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Rock Climb

A rock climber (50 kilograms) climbs down from the summit of a popular beginner-level formation (the competition is timed, "up and back.") The summit elevation is "H" meters greater than its bottom.
i) Is there work?
ii) Calculate the work of the climber.

♦  i)  Newton's 2nd Law relates the instantaneous change of momentum of a BODY with forces that act on it:


The superscript identifies the space of the event as an 0XZ-plane. The summation of forces (right-of-equality) reminds us to add All forces relevant to the event. Usually there is more than one force.

The sketch at the right representing the man (approximated as a BODY) is exaggerated in size to permit the forces to be shown. Newton postulated two classes of force. Those that act upon the body "at a distance" (which we call "BODY forces") and others that act directly upon the BODY, (which we call "surface forces).

We rewrite the sum of forces of equation (2) as a single force of gravity (acting downward, labeled "force of gravity") and the sum of all other forces of contact with surroundings (assumed acting upward) which we label as "Surface Forces."

The sketch depicts the man at some "arbitrary location" during his climb. The actual climb occurs quite slowly and the longer it takes the smaller is the term left-of-equality in Equation (2). Mathematical expressions for Newton's 2nd Law and a displacement are written below.


Work is the scalar product of a force times its displacement. With the model "BODY (mass at a point)," the mass and all associated forces have the same, identical displacement. Consequently multiplication of the entirety of Equation (3) by the displacement (above right) is physically valid. That operation (written symbolically) is:


To procede, write the forces in magnitude-direction form, write the displacement in terms of its X and Z components and rewrite the equation:


Complete the right-side vector products to simplify:

(6 = 4c2=6)

Terms right-of-equality represent differential work. Some vector algebra and calculus is required to reduce the vector product left-of-equality. These steps are shown elsewhere. The results (change occurs with the left-of-equality term only) are:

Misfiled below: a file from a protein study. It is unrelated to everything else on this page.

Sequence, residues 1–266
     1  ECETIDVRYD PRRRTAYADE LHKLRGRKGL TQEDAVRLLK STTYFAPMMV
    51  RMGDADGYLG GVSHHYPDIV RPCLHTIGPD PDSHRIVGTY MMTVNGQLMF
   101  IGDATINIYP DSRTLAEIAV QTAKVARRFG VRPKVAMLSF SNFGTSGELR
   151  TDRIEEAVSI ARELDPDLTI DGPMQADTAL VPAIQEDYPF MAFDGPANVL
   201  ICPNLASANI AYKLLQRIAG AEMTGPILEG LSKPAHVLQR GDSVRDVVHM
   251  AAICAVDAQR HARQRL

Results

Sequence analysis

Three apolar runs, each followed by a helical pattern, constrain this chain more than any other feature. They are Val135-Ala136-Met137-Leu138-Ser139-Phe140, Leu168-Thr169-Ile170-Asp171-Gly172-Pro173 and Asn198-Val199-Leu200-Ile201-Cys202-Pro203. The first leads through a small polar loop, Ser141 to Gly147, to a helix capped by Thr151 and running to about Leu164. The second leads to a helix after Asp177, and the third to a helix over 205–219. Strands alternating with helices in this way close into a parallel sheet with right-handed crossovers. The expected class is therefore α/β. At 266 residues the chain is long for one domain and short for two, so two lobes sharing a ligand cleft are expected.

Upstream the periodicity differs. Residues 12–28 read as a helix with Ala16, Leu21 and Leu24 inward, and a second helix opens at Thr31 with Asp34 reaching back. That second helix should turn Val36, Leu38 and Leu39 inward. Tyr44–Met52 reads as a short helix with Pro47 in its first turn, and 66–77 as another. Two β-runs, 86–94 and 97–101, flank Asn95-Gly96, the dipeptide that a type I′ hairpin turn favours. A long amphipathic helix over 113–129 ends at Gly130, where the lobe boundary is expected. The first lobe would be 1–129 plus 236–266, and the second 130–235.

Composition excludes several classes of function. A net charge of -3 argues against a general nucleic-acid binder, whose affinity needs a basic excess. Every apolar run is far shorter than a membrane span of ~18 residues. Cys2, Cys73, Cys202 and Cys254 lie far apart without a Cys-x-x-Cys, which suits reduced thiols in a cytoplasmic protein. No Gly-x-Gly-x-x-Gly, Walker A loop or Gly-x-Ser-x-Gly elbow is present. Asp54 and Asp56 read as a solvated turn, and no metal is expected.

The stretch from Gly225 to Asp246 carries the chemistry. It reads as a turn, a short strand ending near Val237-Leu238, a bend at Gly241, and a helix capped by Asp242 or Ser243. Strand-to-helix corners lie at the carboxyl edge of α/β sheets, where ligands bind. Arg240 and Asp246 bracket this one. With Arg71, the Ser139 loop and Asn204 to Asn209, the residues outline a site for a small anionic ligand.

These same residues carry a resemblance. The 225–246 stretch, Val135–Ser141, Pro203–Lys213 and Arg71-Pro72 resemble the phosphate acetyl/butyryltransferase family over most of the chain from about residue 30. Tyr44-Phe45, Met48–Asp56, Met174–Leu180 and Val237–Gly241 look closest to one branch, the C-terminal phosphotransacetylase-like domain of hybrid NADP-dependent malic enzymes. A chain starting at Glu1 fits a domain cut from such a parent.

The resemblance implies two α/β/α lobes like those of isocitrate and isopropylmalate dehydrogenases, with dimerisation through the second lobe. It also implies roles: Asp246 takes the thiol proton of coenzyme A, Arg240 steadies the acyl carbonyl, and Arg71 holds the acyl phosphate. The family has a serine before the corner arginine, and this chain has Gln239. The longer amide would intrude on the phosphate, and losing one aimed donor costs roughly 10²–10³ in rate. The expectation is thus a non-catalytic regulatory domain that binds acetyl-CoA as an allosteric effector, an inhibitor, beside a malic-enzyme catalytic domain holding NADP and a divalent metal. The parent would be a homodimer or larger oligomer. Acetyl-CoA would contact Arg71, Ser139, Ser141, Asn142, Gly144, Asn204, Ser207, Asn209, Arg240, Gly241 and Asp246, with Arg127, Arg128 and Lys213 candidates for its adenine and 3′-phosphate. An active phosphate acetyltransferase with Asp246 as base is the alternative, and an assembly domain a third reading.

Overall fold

(7 = 4d)

The term left-of-equality is the differential of a scalar property of the system (the man). This property (the first of energy related properties) is called kinetic energy, with the symbol KE.

(8 = 4e)

The steps above illustrate how differential mathematics is used to characterize physical change "at its basis." At its basis is the differential limit of no change at all. Reality involves change. Differential mathematics portrays reality when the differential equation is integrated between its limits. We apply the integration operator with limits to Equation (4e).

(9 = 4f)

Our next step is to write Equation (3) with the forces expressed in magnitude-direction form (below left). The gravity force has magnitude, mg, and its direction is downward, in the "-K" direction. The magnitude of the "force of support" is |F|, its direction id "K." Also written (below right) is a differential vector displacement of the climb.

Let's discuss this equation momentarily. Each term right-of-equality represents differential work, each term implies the potential of a force acting through its differential displacement consequent with an event of the BODY. The first term right-of-equality is known. It has a magnitude, "mass times gravity" and the direction of that force is downward, toward Earth. The unit vector, "minus K," quantifies the direction. The second differential of work is non-zero. That work occurs with the surroundings.

With a "climbing event" of finite displacement, upon integration ,that is, the differential terms of Equation (5) become finite. Simple limits of integration for an event are: z = z1 to z1 + H.


A brief discussion is in order. The "0" left-of-equality is physically significant. It means that the velocity of the man for the entire climb was zero. Thus our solution is not true or put otherwise, our solution more and more closely reflects truth as the time taken by the climber becomes greater and greater. Were the climb to require in a a year, the term left-of-equality

Newton's Rock Climb

Consider a rock climber (50 kilograms) who climbs to the summit of a popular practice-level rock formation. The increase of elevation of the climber is 80 meters.

Typically, persons would view this task or event at one that involves work. In the common meaning of the word, it does involve "effort" or work. First apply Newton's 2nd Law, then apply the principles of thermodynamics.

Calculate the work of the climber.

Premise presently unwritted!